2.2) Oversight according to International Standards
The Payment Systems Committee (PSC) approved criteria for classification of the payment systems according to the level of importance, and set out the oversight framework for each group of payment systems to be overseen in accordance with the international standards Principles for Financial Market Infrastructures (PFMI) which was issued by the Committee on Payments and Market Infrastructures (CPMI) and International Organization of Securities Commissions (IOSCO) in April 2012. The oversight of payment systems according to the PFMI is summarized as follows:
2.2.1) Systemically Important Payment System (SIPS) includes the BAHTNET system operated by the BOT because it is the Financial Market Infrastructures (FMI) of the country which handles interbank large-value funds transfer transactions, and uses for the settlement of financial market transactions and for the settlement of other FMIs. If there are system disruptions, it would be likely to have broad and continuous impact to members of the systems (systemic risk), or have an impact on the security and stability of the payment systems. Therefore, it is necessary that the SIPS shall be subject to the oversight according to the PFMI for all principles relating to the payment systems (a total of 18 principles).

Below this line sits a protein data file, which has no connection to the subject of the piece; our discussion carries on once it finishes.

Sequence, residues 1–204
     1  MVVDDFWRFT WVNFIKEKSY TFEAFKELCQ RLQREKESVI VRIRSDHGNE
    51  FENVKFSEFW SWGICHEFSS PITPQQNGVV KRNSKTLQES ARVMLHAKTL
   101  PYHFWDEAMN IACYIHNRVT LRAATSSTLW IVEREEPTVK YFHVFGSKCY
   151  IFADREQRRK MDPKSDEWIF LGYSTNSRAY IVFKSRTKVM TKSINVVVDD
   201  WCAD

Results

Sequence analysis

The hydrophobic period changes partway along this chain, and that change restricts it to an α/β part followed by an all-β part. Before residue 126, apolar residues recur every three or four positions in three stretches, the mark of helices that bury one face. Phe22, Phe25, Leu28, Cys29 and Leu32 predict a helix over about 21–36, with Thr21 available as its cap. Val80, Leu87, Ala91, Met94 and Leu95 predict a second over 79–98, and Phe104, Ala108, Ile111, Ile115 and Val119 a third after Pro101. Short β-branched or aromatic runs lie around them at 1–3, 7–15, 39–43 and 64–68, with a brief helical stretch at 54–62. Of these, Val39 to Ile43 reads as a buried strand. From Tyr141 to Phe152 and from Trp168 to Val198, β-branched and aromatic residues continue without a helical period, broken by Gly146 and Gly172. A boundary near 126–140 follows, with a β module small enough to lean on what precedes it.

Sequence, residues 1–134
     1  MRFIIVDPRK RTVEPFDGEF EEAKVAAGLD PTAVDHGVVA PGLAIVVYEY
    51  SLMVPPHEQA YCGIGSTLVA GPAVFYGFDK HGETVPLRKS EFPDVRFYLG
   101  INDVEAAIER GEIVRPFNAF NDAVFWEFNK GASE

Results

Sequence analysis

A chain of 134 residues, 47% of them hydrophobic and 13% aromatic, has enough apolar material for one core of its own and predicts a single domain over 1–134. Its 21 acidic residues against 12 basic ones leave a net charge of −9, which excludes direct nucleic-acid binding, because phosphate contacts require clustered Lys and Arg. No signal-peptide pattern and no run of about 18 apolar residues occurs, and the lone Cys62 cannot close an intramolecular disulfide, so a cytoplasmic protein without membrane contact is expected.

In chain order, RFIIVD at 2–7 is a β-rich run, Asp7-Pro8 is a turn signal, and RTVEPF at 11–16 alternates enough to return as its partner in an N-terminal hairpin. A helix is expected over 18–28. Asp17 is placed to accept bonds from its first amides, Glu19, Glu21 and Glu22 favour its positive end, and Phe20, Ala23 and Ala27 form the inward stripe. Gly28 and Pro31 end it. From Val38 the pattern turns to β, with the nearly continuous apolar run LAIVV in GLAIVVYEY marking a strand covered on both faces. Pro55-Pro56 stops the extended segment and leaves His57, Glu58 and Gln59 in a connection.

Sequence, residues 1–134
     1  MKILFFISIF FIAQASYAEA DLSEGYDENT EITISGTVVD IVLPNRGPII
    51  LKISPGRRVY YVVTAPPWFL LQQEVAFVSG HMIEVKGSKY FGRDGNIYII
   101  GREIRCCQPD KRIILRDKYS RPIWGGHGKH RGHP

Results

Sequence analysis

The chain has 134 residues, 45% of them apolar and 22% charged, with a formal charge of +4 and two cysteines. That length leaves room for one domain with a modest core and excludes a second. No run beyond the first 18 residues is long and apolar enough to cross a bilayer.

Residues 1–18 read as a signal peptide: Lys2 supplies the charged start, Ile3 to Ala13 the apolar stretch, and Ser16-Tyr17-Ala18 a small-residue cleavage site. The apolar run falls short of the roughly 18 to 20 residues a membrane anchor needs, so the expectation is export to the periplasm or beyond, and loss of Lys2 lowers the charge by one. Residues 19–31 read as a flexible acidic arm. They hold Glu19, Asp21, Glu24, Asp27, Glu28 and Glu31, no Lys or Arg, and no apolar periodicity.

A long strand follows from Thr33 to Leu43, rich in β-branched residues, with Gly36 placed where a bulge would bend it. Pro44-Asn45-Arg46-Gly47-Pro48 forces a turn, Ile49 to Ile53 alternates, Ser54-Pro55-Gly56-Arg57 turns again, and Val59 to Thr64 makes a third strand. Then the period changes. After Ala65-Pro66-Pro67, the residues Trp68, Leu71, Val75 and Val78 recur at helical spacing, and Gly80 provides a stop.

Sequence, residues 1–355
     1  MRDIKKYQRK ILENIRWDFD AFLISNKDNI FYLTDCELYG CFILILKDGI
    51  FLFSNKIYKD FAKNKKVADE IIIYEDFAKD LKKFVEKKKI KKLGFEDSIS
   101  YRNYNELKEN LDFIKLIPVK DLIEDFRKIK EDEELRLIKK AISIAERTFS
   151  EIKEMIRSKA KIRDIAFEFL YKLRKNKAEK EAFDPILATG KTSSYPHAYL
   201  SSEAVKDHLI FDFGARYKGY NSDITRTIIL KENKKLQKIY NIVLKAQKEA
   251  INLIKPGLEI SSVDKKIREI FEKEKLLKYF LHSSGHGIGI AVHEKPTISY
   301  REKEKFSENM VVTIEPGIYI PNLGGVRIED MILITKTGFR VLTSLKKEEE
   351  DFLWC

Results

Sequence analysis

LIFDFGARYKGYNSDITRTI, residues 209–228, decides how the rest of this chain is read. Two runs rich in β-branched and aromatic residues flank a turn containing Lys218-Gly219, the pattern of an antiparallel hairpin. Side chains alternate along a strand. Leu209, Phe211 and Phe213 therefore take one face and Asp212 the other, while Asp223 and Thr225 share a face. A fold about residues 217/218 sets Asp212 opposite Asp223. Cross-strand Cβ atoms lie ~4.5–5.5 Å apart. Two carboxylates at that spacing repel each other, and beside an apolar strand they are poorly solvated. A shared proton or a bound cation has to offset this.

2.2.2) Prominently Important Retail Payment Systems (PIRPS) include ICAS system operated by the BOT and the ITMX system (Interbank Transaction Management and Exchange) which is interbank retail funds transfer systems operated by the National Interbank Transaction Management and Exchange Co., Ltd. (NITMX). For the oversight of PIRPS, 14 principles of the PFMI are applied, by not including the principles relating to financial risks.
2.3) BOT’s Payment Systems Oversight Approach